Old world climbing fern (Lygodium microphyllum) is an invasive weed in south Florida where it threatens many wetland communities in the Everglades ecosystem. L. microphyllum is native to wet areas in the Old World tropics and subtropics from west Africa to eastern and southern Africa, and eastern India through south-east Asia to northern Australia and the Pacific to Tahiti. The fern entered Florida as a commercial ornamental plant and was first documented to have become naturalized in 1965. However its explosive growth and rapid spread are relatively recent and it is now causing concern because of its dominance of native vegetation in many communities.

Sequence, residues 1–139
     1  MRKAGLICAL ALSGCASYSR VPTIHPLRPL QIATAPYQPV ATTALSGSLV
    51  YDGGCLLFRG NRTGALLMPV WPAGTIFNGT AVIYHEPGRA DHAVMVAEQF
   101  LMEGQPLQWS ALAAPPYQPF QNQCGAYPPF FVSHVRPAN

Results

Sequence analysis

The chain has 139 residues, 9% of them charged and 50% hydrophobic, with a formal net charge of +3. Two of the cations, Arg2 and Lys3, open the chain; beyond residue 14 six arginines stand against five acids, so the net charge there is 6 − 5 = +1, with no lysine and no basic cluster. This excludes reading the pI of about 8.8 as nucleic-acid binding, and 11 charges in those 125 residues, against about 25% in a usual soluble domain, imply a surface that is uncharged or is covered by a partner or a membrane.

L. microphyllum is considered to be a good target for biological control. First, it belongs to a taxonomically isolated group, not closely related to native or economic plants in Florida. Second, the plant is not known to be a weed in its native range, apart from an unconfirmed report of weedy tendencies in Malaysia. Third, non-biological control methods are environmentally damaging and too expensive to use on the scale required to control the plant. Our biological control program is currently focused on surveys for natural enemies of Lygodium species in L. microphyllum's native range, including Australia, southeast Asia and west Africa. Preliminary surveys in southeast Asia and Australia have identified promising natural enemies, including pyralid moths and sawflies. Searches for natural enemies of New World tropical Lygodium species will also be made to find Lygodium specialist herbivores that may be employed as "new association" biological control agents for L. microphyllum.